Pakistan successfully completes article-IV consultations with IMF in Dubai
DUBAI: Pakistan and the International Monetary Fund (IMF) successfully completed Article IV consultations in Dubai on Wednesday.
While briefing media along with IMF Mission Chief Harald Finger, Finance Minister Ishaq Dar cited consultations broadly covered multiple areas of the economy.
Dar added successful completion of the discussions indicates the government’s commitment in further deepening of structural reforms in the areas of energy, monetary, financial and public sector enterprises.
The minister said the gross domestic product (GDP) continued to maintain its growth momentum above 4 percent for the third successive year.
The government in the current fiscal year, he said, was expecting a growth above 5 percent, which would be the highest in the last nine years.
“The overall economic environment is conducive, backed by an accommodative monetary policy, as policy rate at 5.75 percent is the lowest in last few decades,” Ishaq Dar said.
He said that inflation in March 2017 slightly increased to 4.9 percent as compared to 3.9 percent year-on-year (YoY) basis, while during July-March FY 2016-17 it stood at 4.01 percent as compared to last year’s 2.64 percent, reflecting higher domestic demand and increase in global commodity prices.
He said that credit expansion to private sector had increased to Rs 393 billion during July-March 2016-17.
The minister said there had been a surge in import of machinery and raw materials, pointing to robust industrial activities and build-up of future productive capacity of the economy.
“The LSM (large scale manufacturing) continues to grow at 3.5 percent with an increase in production of cement, steel, pharmaceuticals, automobiles, paper & board and electronics,” he added.
An increase in production of commodities would have a spill-over effect on the services sector, Dar said.
Dar said the budget deficit, which stood at 8.2 percent of the GDP in FY 2013, had been brought down to 4.6 percent in FY 2016. “During the current financial year (FY), it has been projected to reduce to 4.1 percent of the GDP.”
“We are also committed to reducing net public debt, which was 60.2% at close of FY 2016, in order to lay the foundations for sustained growth,” he said, adding that in March 2017, the Federal Board of Revenue (FBR) recorded a growth of 16.1% in revenue collection.
Thus, total collection by the FBR in the first nine months of the current financial year stood at Rs 2,258 billion, which was unprecedented in its history, he added.
The minister said the shortfall in FBR’s revenue collection in the first eight months was due to pro-growth incentives offered to various sectors of the economy, particularly the exports and agriculture. The major reason for revenue gap amounting to Rs 100 billion was because of not passing on the full impact of the petroleum, oil and lubricants (POL) prices to the common man, he added.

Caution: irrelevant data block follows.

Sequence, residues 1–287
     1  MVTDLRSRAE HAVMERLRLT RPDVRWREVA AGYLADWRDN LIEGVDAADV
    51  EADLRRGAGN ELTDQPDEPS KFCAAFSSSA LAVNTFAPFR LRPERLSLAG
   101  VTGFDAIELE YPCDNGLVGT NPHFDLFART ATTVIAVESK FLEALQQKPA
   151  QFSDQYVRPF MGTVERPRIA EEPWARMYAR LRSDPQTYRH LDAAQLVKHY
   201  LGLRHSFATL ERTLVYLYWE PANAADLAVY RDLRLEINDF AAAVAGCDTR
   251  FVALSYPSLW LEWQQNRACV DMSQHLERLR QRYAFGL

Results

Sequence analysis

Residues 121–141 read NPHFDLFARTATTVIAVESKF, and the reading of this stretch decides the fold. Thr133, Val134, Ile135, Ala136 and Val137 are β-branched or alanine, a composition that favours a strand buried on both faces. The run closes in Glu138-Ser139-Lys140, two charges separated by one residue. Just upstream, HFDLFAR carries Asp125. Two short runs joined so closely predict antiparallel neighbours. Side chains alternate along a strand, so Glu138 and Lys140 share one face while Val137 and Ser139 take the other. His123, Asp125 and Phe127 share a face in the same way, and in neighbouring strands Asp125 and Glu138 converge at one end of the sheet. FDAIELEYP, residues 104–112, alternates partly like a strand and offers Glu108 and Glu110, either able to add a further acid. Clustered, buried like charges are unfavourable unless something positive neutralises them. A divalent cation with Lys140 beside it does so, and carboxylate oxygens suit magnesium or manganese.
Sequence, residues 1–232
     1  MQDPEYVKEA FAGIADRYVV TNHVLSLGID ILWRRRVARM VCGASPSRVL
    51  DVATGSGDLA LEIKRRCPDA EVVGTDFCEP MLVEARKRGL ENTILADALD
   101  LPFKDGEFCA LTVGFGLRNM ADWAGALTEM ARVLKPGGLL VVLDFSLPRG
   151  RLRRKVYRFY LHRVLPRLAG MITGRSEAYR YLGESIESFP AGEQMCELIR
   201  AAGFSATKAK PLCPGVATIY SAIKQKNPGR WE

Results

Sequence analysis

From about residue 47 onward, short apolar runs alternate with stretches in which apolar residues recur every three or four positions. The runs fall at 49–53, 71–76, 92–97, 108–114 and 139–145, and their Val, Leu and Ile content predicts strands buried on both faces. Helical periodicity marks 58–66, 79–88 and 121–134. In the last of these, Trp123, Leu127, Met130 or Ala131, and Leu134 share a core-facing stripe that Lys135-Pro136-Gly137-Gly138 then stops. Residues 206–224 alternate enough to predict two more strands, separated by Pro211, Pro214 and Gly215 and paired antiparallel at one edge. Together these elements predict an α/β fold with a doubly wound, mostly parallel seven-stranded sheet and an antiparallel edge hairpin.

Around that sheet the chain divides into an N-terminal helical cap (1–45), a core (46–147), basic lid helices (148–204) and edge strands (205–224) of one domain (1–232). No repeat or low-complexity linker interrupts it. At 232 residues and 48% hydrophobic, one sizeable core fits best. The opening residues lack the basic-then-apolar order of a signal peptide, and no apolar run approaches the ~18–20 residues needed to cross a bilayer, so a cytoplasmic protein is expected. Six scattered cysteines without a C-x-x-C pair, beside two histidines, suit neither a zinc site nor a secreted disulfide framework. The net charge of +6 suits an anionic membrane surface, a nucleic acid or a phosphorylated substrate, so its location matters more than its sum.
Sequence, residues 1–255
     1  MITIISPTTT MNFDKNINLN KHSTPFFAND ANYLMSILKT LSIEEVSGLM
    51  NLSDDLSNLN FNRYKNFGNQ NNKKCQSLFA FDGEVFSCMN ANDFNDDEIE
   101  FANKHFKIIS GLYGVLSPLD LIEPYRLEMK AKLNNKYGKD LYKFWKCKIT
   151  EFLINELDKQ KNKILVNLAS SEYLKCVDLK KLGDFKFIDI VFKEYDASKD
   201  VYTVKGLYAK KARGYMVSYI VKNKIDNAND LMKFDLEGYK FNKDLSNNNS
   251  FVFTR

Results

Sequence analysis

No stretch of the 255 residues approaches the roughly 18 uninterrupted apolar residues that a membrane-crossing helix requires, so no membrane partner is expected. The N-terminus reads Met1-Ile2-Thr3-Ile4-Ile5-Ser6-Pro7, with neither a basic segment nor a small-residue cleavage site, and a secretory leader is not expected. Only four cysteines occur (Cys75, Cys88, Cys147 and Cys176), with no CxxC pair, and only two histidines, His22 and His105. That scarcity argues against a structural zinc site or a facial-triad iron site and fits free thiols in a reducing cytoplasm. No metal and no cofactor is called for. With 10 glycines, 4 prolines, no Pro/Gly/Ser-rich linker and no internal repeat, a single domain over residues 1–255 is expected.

He said that Pakistan had undertaken two important initiatives. “First, on March 21, 2017, it signed the revised Avoidance of Double Taxation Agreement with Switzerland. Second, on September 14, 2016, it signed the Organisation for Economic Co-operation and Development’s (OECD) Multilateral Convention on Mutual Administrative Assistance in Tax Matters.” The initiatives would help reduce and prevent tax evasion in the future, finance minister said.
Development expenditure: The minister said that despite a reduction in the fiscal deficit over the last three years, allocation for Public Sector Development Programme (PSDP) had been more than doubled and during FY 2017. He said that the budget deficit (borrowing) would only be for its development spending, which was a milestone achievement.
He said the current account deficit had increased to $5.5 billion in Jul-Feb FY 2016-17. This was largely due to a sizable increase in imports of capital goods, along with delayed receipts of Coalition Support Fund (CSF), he said.
Dar said the rise in overall import payments was mainly driven by increased purchases and higher prices of fuel. However, there was a significant increase in capital goods’ imports, which, he added, would lead the economy to a higher growth path.
He said that foreign exchange reserves at present were hovering around $22 billion, which were expected to reach over $23 billion by the end of June 2017. “The government is committed to supporting the poor and the most vulnerable segments of the population through the BISP. Social safety net expenditures have increased by over 300 percent through the four budgets of the current government,” he added.
He said that significant expansion in allocation to BISP had taken place, which was enhanced from Rs 40 billion in FY 2013 to Rs 115 billion in FY 2017, leading to an increase in coverage from 3.7 million to 5.45 million families.
Annual stipend, he said, had also been enhanced from Rs 12,000 to Rs 19,336 during the period, while an amount of more than Rs 299 billion was disbursed among the poorest families as unconditional cash transfers.
“We continue to diversify financing from both domestic and external sources, lengthen the maturity profile of domestic debt and improve the balance between domestic and external debt,” he said.